Virtual Reality Improves Social Attention in Autistic Kids

Deborah Brauser

May 24, 2011

May 24, 2011 (Honolulu, Hawaii) — Virtual reality training may help improve complex social attention in school-aged children with higher-functioning autism (HFA), suggests new research presented here at the American Psychiatric Association (APA) 2011 Annual Meeting.

Head-mounted virtual reality apparatus

In the pilot program, 18 children with HFA and 20 healthy controls wore head-mounted displays showing a virtual classroom with 9 "virtual avatar peers." As the participants gave short speeches about themselves, each peer was programmed to start fading and become transparent if ignored.

Although results showed no difference in the preadolescent HFA and control children in number of looks to the avatars, the adolescent HFA children made significantly fewer looks than did their age-matched controls, signifying evidence of impairment that emerges later in life.

In addition, "the social attention of all children was malleable," meaning the looks improved dramatically for all groups during the fade conditioning session, report the investigators.

"The preadolescent to adolescent period may represent an important window of opportunity to affect the course of autism," Peter Clive Mundy, PhD, professor of neurodevelopmental disorders and education at the University of California at Davis in Sacramento, told Medscape Medical News.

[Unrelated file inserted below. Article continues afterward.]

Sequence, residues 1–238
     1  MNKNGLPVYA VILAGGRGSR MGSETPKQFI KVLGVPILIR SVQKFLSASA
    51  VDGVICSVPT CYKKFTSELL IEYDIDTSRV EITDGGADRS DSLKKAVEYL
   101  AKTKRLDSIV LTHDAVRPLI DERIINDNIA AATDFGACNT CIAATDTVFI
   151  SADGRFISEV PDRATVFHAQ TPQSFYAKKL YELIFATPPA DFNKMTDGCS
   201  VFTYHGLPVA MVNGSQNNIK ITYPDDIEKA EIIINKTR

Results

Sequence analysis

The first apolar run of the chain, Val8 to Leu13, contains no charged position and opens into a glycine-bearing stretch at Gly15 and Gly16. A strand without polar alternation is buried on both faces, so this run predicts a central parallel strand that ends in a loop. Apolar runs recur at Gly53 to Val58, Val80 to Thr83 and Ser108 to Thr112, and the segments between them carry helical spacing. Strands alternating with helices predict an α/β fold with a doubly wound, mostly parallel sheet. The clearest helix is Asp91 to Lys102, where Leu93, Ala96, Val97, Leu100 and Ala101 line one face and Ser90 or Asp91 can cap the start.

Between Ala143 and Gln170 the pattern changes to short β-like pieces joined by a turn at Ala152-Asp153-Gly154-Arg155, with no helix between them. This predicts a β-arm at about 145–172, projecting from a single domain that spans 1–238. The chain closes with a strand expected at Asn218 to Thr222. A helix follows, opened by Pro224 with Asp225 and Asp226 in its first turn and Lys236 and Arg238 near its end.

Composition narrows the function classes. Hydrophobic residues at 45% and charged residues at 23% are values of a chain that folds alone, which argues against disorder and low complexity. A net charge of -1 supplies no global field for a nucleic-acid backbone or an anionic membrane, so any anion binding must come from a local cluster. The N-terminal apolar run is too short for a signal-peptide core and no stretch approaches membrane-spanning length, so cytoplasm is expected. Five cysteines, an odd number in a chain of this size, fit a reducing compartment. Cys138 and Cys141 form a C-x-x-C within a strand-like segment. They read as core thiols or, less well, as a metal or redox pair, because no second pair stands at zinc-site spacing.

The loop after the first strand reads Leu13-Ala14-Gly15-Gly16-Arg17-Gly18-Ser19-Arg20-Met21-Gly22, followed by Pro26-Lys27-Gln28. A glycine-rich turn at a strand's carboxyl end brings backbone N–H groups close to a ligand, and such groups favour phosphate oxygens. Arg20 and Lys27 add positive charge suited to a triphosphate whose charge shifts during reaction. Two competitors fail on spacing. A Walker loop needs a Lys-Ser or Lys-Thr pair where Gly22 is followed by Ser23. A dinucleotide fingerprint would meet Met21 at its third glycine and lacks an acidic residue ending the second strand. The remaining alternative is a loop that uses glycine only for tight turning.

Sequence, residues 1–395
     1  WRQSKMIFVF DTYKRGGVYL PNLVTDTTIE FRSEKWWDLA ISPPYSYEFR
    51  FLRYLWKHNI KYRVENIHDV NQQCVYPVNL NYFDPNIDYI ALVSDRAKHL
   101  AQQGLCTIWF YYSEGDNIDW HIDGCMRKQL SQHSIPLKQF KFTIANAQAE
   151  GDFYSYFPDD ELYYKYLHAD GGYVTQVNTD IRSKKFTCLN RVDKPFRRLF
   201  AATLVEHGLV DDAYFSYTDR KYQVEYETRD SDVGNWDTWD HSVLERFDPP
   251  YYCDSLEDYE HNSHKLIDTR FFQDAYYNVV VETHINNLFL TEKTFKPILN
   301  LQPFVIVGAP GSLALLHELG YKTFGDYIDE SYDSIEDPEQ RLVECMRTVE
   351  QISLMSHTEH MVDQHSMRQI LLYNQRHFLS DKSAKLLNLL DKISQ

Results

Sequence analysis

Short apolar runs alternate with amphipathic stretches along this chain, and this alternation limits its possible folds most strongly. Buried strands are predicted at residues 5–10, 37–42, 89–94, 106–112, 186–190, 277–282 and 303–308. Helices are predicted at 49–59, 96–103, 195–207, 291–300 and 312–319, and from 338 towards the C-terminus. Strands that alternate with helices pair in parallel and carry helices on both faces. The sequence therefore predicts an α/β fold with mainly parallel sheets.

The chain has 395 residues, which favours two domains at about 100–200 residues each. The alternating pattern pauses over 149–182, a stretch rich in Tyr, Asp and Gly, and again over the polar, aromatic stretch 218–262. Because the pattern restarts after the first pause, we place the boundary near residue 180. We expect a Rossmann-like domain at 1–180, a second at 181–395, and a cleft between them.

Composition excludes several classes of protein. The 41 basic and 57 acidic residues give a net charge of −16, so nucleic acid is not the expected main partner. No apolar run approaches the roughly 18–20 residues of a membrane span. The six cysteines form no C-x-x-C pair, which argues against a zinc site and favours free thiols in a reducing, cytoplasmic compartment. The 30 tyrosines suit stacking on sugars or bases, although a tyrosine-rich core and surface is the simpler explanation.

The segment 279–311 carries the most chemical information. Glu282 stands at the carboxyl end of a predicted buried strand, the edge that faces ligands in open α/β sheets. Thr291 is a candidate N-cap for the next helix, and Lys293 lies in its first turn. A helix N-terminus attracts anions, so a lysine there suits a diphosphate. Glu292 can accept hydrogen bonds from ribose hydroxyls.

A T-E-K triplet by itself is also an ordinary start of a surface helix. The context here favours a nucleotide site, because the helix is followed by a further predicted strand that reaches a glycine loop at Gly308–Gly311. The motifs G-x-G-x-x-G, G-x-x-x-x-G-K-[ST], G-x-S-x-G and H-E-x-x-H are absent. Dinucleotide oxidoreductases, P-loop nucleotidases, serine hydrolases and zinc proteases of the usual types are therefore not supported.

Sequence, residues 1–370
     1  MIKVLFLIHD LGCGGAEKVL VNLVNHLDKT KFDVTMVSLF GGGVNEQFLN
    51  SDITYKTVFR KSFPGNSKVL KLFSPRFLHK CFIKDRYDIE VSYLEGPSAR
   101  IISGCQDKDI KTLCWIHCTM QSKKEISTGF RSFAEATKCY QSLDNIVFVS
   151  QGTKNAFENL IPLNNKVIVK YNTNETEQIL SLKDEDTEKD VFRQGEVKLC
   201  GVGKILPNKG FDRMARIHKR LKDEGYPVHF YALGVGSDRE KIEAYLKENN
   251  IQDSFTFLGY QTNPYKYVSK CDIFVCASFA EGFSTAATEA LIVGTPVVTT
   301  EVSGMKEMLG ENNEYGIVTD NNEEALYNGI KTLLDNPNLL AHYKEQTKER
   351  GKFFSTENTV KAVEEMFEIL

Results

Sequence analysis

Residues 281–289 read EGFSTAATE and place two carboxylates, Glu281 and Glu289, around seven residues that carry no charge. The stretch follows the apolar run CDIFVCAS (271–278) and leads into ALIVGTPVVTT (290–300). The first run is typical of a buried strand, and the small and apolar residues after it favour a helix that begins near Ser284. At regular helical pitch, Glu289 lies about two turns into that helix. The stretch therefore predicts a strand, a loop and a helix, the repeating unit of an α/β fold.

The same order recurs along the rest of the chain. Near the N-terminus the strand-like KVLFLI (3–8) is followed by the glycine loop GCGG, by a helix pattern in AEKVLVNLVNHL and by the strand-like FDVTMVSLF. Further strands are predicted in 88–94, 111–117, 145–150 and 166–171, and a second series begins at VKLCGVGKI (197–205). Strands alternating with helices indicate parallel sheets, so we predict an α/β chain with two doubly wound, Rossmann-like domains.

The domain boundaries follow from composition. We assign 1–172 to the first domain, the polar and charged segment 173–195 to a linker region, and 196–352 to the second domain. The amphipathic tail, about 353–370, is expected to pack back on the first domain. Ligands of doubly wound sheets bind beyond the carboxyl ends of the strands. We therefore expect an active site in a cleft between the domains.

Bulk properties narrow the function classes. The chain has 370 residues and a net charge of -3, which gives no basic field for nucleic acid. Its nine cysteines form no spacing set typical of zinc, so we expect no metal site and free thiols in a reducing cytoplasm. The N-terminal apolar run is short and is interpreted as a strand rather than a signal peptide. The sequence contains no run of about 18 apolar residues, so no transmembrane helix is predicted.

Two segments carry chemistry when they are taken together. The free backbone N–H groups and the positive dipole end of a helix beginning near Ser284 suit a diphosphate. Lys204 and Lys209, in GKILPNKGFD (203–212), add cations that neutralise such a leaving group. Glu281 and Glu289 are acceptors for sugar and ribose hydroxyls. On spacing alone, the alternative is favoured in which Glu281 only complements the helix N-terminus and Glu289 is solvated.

During his presentation, he noted that this effect may be due in part to adolescent changes in frontal connectivity and synaptic density during both executive functioning and social information processing.

"Research and intervention with school-aged HFA children should also carefully consider the impact of moderating factors, such as low average IQ or ADHD [attention-deficit/hyperactivity disorder] symptom expression," said Dr. Mundy.

Dr. Peter Clive Mundy

Few Studies of HFA, Older Kids

According to the study, those with autism have impairments in the domains of joint attention (the capacity to readily coordinate visual, auditory, or mental attention with a social partner), social orienting (the tendency to prioritize and deploy attention to people vs objects), and face perception (the capacity to process facial expressions of affect and nonverbal communication). Together, these domains make up social attention.

"Complex social attention refers to school-aged development in these domains that involve enhanced effort because of number of possible attention options, such as difference in attention load and/or the dual task nature of the social interaction, such as attending to multiple social partners while also expressing one's own thoughts," write the researchers.

"The identification of impairments in these abilities and the examination of their malleability may be pivotal to advancing the treatment and prevention of impediments to positive outcome for these individuals," added Dr. Mundy.

However, he noted that there have been few studies of children with autism beyond the age of 9 and few concerning those with HFA.

"There has been a wholesale shift in the proportion of children with autism who function without intellectual development disability. And that has a huge impact on conceptualization of autism and its treatment," said Dr. Mundy.